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The stories people tell give us an idea about how they lived and what they thought was important. Stories can explain nature or relate memories. Storytelling teaches students that they can learn about history through legends and true accounts. Storytelling also gives students an insight into how some Native Americans related to their world and the realities of a changing culture.


After viewing Storytelling, students will be able to:

  1. Describe how stories reflect a way of life and preserve the history of a people.
  2. Discuss how Native Americans responded to the coming of white settlers and the reasons for their responses.
  3. Explain the reasons for the sadness many Native Americans felt at being moved onto reservations.

Storytelling examines two Native American legends; a true story about the daily life of a Shoshone woman before white people came, as told in her own language; and a true story about a Native Americans first encounter with white people.

The video begins with the host, Phyllis Edmundson, and some friends sitting around a campfire. She describes how Native Americans used storytelling as a way of passing on history and to explain how their world operated. Nez Perce historian Allen Slickpoo relates the story of Coyote and the origin of the various tribes. Shoshone Bannock storyteller Ramona Walema tells the story of the squirrel chief and how he saved her tribe from starvation.

The video moves into real life stories. Josephine Thorpe recounted her life for BSU anthropologist Jon Dayley in 1968. The video presents Thorpe's description in her native Shoshone, followed by Dayley's translation. This gives students a chance to hear the Shoshone language.

Finally, Emaline George tells her grandmother's story of her first encounter with white people. The video describes the conflicts between Native Americans and white people, and how Native Americans were eventually disenfranchised. George tells how her people are working to improve their lives and are trying to reclaim their heritage. The video ends as Phyllis challenges the students to find stories about their past. She also asks them to think about what stories they will give to their children and what those accounts will teach them about Idaho history.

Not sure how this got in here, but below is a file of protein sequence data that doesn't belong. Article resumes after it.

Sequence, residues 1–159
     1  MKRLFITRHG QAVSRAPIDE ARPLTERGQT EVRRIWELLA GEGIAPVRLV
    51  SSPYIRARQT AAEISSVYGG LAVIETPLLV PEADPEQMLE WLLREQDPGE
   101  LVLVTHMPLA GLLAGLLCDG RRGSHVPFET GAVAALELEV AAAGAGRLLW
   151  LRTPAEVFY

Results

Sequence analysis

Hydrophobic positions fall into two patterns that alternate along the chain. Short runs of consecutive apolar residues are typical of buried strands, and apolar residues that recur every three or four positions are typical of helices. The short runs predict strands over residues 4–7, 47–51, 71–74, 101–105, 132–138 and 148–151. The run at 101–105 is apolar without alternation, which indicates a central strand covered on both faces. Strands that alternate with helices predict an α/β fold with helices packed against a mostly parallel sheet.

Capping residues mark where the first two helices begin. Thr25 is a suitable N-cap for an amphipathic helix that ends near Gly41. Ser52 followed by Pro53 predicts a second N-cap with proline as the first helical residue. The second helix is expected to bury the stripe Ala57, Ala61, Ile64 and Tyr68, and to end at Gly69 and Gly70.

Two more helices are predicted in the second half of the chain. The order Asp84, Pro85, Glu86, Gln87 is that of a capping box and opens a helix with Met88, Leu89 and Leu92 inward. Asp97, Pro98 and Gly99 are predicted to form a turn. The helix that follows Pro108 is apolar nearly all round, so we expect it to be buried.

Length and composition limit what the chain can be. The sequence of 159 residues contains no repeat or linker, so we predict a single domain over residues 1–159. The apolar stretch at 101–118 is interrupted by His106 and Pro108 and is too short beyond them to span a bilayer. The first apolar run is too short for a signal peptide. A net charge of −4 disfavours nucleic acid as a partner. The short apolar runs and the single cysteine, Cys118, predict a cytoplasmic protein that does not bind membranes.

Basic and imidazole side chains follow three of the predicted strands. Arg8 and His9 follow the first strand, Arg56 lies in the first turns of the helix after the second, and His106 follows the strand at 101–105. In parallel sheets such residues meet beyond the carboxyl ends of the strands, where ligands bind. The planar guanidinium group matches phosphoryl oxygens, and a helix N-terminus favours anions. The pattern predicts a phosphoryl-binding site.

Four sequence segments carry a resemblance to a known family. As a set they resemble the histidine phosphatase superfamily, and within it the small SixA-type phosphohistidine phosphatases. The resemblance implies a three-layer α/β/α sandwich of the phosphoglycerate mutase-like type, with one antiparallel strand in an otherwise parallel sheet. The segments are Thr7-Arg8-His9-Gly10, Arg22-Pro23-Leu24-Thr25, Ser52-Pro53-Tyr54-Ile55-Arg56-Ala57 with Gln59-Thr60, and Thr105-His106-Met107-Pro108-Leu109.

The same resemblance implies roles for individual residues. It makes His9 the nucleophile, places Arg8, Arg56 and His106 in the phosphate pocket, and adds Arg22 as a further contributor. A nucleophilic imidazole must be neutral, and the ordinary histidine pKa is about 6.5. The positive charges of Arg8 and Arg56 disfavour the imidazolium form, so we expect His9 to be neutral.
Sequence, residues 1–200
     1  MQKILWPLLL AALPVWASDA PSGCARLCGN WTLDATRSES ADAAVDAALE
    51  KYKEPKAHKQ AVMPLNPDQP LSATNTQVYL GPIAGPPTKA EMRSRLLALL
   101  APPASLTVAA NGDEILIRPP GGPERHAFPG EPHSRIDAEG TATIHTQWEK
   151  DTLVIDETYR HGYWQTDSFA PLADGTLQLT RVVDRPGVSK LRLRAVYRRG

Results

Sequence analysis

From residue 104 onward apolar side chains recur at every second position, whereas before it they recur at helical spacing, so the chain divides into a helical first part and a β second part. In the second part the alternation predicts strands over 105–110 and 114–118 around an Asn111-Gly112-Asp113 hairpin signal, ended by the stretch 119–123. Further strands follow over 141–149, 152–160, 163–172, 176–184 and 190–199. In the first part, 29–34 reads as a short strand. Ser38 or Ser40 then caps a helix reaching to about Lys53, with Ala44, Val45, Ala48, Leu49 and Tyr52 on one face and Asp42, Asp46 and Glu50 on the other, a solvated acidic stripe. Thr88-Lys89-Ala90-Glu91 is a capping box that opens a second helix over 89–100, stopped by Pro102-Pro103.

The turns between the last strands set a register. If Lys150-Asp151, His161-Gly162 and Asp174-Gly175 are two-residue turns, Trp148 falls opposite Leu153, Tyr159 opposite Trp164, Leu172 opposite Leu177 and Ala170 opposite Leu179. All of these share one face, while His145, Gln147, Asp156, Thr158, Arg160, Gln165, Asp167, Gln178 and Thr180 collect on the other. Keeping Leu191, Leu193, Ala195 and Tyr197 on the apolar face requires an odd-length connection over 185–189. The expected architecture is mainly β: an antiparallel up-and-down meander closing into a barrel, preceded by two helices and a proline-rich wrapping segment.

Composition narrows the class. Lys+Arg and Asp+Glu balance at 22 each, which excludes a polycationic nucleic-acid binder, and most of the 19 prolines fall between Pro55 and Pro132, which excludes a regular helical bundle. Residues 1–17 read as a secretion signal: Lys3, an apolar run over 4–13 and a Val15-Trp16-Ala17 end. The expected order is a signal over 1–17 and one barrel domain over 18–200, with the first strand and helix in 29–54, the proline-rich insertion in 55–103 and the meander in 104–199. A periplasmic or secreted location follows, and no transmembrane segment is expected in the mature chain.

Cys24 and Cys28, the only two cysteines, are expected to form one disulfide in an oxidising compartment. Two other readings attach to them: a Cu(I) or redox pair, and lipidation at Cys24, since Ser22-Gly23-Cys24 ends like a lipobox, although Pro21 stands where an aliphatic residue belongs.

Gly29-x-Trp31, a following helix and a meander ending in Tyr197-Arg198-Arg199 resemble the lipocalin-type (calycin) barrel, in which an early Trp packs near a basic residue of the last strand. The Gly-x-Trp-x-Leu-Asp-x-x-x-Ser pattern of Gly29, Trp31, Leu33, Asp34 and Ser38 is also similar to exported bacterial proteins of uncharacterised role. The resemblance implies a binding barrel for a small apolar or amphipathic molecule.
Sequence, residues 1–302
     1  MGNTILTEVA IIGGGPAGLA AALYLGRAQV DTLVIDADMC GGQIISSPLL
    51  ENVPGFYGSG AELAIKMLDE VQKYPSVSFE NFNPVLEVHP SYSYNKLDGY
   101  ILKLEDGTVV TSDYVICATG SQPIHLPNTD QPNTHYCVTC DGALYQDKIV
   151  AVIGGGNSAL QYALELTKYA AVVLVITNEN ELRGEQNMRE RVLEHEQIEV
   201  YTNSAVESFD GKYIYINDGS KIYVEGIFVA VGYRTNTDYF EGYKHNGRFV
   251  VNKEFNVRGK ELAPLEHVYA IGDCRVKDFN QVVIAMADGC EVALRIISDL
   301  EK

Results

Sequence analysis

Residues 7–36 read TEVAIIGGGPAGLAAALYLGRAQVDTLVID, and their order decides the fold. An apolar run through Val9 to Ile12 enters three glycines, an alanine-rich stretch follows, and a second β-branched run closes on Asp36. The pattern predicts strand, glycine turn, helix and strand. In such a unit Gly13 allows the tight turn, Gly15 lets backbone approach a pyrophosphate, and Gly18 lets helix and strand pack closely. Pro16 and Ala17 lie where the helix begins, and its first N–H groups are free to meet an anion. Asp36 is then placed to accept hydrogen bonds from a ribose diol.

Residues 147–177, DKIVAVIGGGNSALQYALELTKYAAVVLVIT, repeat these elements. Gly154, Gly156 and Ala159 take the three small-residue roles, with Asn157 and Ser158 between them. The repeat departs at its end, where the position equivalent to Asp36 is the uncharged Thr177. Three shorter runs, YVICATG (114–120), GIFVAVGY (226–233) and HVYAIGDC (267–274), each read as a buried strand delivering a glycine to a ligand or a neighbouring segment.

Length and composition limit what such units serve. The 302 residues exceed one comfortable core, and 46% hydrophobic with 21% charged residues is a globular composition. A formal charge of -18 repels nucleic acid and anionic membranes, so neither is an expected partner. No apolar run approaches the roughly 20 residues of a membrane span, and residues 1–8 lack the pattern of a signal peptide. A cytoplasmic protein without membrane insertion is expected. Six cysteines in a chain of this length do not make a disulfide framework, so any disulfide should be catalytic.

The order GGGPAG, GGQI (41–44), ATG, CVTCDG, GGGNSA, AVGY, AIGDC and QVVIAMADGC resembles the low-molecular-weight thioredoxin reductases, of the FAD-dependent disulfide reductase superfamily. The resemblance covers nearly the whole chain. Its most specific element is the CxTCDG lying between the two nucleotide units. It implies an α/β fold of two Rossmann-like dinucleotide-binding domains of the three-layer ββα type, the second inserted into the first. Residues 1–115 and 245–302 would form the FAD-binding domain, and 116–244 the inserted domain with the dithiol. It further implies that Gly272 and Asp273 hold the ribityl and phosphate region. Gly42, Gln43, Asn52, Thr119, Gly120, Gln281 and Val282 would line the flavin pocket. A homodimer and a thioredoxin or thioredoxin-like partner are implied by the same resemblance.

(Before Viewing)

  1. Talk with students about stories that they have read or heard that explain natural events, which may include Greek myths or Indian legends. Ask why people created stories like these and how they are handed down.
  2. Give students some examples of stories from American history. Discuss how and why these stories began and why we repeat them today.
  3. Ask students to relate family stories about things that happened long before they were born. Discuss what those stories mean about the history of their family and how they approached life.
  4. Explain to the students that Native Americans in Idaho created stories which helped them to understand and to live in harmony with the natural world. They also told stories about things that happened in their past to help young people understand and remember. Ask students, while they are watching the video, to see what they can learn about the way these people lived. Then have them see what they can learn about how these people felt about the coming of the white people.

(During Viewing)

  1. Why is it important to learn about these stories?
  2. Do you have a story about your life that you can pass on to your children?

Ancestor- A person from whom one is descended